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This question already has an answer here:

I just asked a question concerning the development of the CSS3 and CSS4 standards. Specifically, I asked why parts of the specifications were designed as they were: Why was the introduction of the `white-space-collapsing` CSS3 property postponed to CSS-text-4 (possibly as `text-space-collapse`)?

In a comment I got the reply that my question was "either too broad, opinion based or invites discussion". As a reply I pointed out that the question was very specific, not opinion-based and - if answered properly - should not lead to any discussion.

The comment author then stated that my question is off-topic for Stack Overflow. I think he was referring to the definition given in the help pages.

Since the CSS3 and CSS4 specifications are definitely unique to software development and commonly used by developers, I was under the imression that such a question therefore belongs on Stack Overflow.

Now I wonder: am I wrong here, do such questions not belong on Stack Overflow after all?
And if not: where do they belong in the Stack Exchange network?

marked as duplicate by Alexei Levenkov, S.L. Barth - Reinstate Monica, HaveNoDisplayName, Toto, IKavanagh Nov 26 '15 at 9:08

This question has been asked before and already has an answer. If those answers do not fully address your question, please ask a new question.

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    A bit too opinion based maybe? – ryanyuyu Nov 25 '15 at 13:42
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    For the sake of clarity, I made the 'canned' comment as it's not a "specific, solvable, programming" issue. As such the close reason seems to fit closer than any other. – Paulie_D Nov 25 '15 at 13:42
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    It is a water-cooler question. In the very unlikely case that somebody from the W3 committee shows up and explains why they suck, what are the odds that you are going to do your job differently? What problem does it solve? Maybe programmers.se likes it better. – Hans Passant Nov 25 '15 at 13:43
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    I was hoping that there are enough people on SO who follow the CSS specification development process closely enough to have the required insights to for example simply give a list of reasons that the specification writers had for their decision in this case. But it is fair to say that an answer would not directly "solve a problem" if you don't consider "lack of knowledge" as a problem. – Hauke P. Nov 25 '15 at 13:48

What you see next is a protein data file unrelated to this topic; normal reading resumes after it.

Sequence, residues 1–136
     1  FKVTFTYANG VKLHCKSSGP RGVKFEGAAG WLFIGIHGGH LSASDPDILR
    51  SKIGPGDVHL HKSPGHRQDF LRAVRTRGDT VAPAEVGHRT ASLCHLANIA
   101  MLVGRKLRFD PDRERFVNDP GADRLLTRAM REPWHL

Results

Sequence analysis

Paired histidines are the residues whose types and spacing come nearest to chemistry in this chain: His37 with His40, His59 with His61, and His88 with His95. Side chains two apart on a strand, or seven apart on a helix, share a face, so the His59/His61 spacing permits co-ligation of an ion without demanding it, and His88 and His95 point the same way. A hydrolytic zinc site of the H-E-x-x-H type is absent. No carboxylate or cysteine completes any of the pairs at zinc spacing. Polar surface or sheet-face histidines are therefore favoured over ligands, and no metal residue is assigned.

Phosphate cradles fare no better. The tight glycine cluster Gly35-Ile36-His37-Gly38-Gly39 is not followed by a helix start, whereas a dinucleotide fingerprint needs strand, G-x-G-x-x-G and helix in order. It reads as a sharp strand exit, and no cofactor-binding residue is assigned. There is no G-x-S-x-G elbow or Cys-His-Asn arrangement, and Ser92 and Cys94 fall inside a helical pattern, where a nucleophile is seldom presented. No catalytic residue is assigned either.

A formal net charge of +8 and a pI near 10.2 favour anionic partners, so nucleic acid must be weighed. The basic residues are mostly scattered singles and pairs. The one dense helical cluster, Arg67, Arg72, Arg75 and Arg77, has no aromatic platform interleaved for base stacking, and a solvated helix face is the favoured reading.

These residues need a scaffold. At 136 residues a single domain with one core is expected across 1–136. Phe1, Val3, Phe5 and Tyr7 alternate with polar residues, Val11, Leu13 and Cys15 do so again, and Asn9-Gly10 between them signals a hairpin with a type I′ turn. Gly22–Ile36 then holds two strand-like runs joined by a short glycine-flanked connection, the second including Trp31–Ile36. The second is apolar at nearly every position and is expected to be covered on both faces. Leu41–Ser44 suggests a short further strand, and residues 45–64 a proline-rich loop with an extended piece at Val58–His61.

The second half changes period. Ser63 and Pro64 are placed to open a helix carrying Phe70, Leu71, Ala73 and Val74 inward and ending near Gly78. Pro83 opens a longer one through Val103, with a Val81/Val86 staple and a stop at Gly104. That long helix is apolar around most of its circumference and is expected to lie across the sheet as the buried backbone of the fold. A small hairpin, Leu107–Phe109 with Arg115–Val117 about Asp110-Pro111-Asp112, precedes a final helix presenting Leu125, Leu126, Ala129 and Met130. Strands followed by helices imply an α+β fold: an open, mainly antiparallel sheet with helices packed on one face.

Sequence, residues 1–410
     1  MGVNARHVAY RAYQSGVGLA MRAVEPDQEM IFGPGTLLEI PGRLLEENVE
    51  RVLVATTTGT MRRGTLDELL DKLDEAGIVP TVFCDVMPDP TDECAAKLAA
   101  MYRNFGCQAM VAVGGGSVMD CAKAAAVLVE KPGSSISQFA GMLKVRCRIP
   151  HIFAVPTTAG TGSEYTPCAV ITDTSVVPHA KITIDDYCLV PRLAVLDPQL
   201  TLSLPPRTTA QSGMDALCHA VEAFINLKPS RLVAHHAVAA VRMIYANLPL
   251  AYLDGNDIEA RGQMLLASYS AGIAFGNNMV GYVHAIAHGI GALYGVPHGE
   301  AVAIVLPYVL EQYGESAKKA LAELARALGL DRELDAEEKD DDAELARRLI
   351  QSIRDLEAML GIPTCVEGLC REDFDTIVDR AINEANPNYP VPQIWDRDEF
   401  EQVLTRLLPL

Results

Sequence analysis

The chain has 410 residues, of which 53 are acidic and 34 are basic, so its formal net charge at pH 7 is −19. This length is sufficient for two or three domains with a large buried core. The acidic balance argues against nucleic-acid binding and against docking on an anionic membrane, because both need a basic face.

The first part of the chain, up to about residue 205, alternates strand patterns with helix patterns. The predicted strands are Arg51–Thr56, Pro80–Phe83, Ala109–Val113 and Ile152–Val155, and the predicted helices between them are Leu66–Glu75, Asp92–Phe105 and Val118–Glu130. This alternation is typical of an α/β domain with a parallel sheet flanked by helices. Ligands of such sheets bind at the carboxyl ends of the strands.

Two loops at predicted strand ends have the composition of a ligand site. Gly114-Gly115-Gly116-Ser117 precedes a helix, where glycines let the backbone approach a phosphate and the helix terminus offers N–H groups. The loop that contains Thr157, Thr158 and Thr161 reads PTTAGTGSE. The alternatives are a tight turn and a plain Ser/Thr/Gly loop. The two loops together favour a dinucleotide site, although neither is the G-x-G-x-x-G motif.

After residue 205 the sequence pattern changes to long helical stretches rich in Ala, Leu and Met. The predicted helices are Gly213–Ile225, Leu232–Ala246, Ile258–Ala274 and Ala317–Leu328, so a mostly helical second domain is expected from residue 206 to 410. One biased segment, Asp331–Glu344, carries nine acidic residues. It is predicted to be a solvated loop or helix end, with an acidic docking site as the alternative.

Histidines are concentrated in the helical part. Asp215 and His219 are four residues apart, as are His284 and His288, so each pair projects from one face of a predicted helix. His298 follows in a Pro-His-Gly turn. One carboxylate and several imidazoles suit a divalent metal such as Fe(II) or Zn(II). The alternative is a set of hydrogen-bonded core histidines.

• @Hauke P.: I'm pretty sure I'm the only one on SO who's neither a browser developer nor a WG member who follows the process - and even I don't follow it closely by any stretch of the imagination. – BoltClock Nov 25 '15 at 16:42
  • @HaukeP. But the answer is right there in your link in red text :s "This section is still under discussion and may change in future drafts". Its postponed because this section of the spec didn't even make it to a final draft yet for whatever reason - likely time pressure and a lack of priority. Its probably not going to be any kind of romantic reason that is going to satisfy the curiosity. – Gimby Nov 25 '15 at 16:59
  • Note that there's no such thing as CSS4. CSS has moved to only improve modules from now on – Zach Saucier Nov 25 '15 at 17:26
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It's difficult to put a blanket rule down for these, context is really important.

If I can show you why something is the way it is in a manner that you can study and reproduce, while also possibly pointing you to documented rationale as explained by a standard, then it's probably a decent question for the site. In other words, an answer might look like:

Well, if it didn't do [thing], then you'd get [this thing], and that would cause [list of problems]. The rationale is explained in [section of standard]

If the answer more or less boils down to:

You'd need to ask them to be sure, but I found this discussion on some mailing list that kind of hints at [reason]

.. then you're moving into territory where most people would need to guess in order to answer. That's not always bad, heck we all take half-blind stabs at problems, but typically these stabs can be vetted for correctness.

You're basically asking why a group reached and executed a decision. And people could probably give you at least a few answers that shine on the efficacy of the decision - but no one could really answer the question on behalf of the group unless they were a part of that process.

Why doesn't Google's 'go' language have assertions?

This can be objectively answered and illustrated because it's rather well documented.

It's not that all "Why is something this way?" questions are problematic, it's sort of something that you just know when you see. That's very difficult to articulate beyond strongly preferring questions that can have a single, objective and technically correct answer.

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    You may be interested in this question, which I was only able to answer by - you guessed it - forwarding it to the relevant people. It's about a change that was made that would have had a serious impact on websites. – BoltClock Nov 25 '15 at 16:53
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    Here's a self-answer I wrote that basically boils down to "there's no official documentation, but here's what they said on the mailing list". (With 40 score, it's my best-received SO contribution.) One of the experts, Brian Goetz, is active here and commented that I "unearthed most of it". For that matter, Brian has also answered other rationale questions -- sometimes the expert is here to answer. – Jeffrey Bosboom Nov 25 '15 at 21:08

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